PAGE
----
Enjoy the view, but give transient orcas their space in southern coastal waters.

Enjoy the view, but give transient orcas their space in southern coastal waters.
WatchThey are the top predators in our ocean and they are thriving. With the perfect summer weather, the number of transient orca-human interactions on the water is increasing. As Mary Griffin reports, experts say the public should enjoy the view, but respect their space.

Aaron Fraser’s Instagram video captures the moment a large transient orca swam underneath his tube in the waters off Oak Bay near Cattle Point.

“It’s right under us. Here! Here! Look! Look! Look! Oh my god. Dan! Dan! Dan!”


The orca, likely a member of the transient population leisurely swims around the personal watercrafts. The humans, though, are not as calm.

These type of interactions are increasing along the south coast with transient orcas seen on a daily basis. The southern resident killer whales are rarely seen in these waters.  Marine Life Studies biologist Josh McInnes said sightings of the transients are now a daily occurrence.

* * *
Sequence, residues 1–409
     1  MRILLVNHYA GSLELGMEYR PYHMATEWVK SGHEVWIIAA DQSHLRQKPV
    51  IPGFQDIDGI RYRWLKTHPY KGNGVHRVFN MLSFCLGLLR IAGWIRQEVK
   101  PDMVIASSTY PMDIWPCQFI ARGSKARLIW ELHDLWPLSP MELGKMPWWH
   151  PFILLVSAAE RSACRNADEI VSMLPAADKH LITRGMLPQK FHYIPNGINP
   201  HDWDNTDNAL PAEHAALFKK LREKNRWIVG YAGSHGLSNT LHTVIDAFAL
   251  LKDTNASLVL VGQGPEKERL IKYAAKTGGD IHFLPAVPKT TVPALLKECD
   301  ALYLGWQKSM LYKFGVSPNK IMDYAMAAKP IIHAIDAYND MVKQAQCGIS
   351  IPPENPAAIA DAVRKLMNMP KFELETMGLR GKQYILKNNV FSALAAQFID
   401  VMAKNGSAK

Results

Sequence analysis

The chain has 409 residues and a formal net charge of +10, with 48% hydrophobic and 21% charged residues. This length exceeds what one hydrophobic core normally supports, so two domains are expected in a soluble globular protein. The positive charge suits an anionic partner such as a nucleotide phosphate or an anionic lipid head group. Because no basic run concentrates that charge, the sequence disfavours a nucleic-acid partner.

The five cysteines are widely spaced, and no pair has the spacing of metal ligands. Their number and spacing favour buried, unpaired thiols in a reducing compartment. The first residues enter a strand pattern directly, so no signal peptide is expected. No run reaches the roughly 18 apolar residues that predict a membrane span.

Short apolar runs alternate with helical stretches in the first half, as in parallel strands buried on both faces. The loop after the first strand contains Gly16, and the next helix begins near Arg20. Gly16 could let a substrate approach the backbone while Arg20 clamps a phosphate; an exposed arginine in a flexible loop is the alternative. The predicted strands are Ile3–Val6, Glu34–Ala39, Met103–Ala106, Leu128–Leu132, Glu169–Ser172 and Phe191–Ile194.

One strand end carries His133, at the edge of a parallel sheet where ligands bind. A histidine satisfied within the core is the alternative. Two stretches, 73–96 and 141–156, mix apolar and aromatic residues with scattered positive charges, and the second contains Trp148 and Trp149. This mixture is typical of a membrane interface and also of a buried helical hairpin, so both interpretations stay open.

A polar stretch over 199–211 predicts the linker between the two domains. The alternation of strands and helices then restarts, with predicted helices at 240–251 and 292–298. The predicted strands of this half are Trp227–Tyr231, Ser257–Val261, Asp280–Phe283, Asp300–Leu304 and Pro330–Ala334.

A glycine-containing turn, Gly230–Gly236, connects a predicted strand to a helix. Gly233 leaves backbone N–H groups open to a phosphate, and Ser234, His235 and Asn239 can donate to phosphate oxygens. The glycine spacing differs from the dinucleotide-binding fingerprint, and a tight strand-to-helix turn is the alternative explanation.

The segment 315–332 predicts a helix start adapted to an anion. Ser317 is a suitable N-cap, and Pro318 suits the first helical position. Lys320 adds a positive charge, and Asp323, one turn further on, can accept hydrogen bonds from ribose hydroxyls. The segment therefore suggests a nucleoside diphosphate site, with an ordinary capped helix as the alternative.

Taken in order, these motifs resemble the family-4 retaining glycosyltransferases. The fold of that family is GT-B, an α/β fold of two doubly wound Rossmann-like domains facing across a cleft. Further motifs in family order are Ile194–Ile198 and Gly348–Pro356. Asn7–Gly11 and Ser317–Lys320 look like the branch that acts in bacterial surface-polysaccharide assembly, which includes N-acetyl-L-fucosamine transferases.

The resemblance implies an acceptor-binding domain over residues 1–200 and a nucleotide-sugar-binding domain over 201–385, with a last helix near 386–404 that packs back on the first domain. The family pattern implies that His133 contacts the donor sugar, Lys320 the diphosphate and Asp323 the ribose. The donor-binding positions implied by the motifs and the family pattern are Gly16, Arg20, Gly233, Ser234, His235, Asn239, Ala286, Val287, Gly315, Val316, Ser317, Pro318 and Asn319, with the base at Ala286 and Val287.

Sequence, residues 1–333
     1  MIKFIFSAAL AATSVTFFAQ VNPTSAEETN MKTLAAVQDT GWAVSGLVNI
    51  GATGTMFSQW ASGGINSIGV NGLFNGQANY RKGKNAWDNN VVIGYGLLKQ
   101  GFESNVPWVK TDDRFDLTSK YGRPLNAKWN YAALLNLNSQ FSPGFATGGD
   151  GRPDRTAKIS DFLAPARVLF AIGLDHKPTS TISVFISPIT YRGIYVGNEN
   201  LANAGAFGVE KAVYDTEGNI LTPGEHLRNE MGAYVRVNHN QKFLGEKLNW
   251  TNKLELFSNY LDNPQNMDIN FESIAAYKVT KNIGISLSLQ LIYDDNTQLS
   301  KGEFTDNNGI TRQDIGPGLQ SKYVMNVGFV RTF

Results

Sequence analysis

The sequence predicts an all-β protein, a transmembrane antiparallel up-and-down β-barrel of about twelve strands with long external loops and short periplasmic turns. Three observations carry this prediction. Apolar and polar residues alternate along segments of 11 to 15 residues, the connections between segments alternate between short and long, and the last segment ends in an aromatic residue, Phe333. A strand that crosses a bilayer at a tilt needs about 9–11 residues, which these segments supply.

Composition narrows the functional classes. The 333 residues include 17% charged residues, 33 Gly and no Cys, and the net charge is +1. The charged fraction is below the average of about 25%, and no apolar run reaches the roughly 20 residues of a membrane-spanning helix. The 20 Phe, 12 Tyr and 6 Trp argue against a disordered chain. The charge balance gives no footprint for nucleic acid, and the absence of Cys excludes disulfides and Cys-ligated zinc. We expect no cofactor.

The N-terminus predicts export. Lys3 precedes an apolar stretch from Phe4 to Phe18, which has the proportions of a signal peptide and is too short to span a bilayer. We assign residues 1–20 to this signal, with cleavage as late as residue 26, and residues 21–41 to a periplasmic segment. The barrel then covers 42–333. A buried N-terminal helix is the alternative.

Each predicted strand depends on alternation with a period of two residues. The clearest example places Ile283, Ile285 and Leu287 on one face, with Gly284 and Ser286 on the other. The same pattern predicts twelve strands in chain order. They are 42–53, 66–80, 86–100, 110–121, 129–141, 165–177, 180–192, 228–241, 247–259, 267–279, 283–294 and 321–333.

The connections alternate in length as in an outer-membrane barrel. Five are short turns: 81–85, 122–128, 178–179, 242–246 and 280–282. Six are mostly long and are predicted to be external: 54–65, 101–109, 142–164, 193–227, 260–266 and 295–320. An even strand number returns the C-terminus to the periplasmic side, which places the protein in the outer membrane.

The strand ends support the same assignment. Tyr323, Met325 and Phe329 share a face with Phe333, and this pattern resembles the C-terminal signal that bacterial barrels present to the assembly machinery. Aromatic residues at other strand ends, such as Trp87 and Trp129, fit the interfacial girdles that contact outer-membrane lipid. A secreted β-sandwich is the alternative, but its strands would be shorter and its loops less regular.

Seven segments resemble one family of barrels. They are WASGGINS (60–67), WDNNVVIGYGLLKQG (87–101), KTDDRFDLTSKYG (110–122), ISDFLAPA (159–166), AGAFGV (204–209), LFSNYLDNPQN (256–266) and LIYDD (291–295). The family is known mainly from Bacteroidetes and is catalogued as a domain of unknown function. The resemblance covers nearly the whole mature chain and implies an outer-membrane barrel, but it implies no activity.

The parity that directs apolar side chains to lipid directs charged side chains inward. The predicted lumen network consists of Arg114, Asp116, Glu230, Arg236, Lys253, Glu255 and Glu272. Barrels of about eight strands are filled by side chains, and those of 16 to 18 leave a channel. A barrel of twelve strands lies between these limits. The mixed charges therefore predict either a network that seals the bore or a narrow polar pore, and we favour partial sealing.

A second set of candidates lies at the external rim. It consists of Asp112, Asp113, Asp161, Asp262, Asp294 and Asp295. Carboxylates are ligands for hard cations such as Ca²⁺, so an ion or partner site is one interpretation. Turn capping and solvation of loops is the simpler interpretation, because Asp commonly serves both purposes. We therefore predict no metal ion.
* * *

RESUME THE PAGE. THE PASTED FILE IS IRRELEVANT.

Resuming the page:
‘Their numbers have definitely been increasing. Their occurrence patterns are also increasing. We’re getting reports daily, pretty much, from whale watchers, boaters, general public. Anyone who will send in general sightings. Of these animals,” McInnes said.

Two weeks ago, a male orca appeared in the Inner Harbour, stopping all traffic in and out for half an hour.  Then a group hunting a seal last week attracting attention along Victoria’s Dallas Road.
According to Dr. Anna Hall, marine biologist, it’s a good idea to exercise caution when encountering these top predators that can weigh up to ten tons.

“They are curious animals. They are large-brained thinking mammals. And I certainly wouldn’t rule out the possibility that they may be curious, but they do exhibit curiosity by using their mouths sometimes,” Hall said.

From a low of 90 transient orcas in the 1990s to more than 350 now, there will be more encounters. The experts say enjoy, but give these orcas their space.

Mary GriffinMary Griffin

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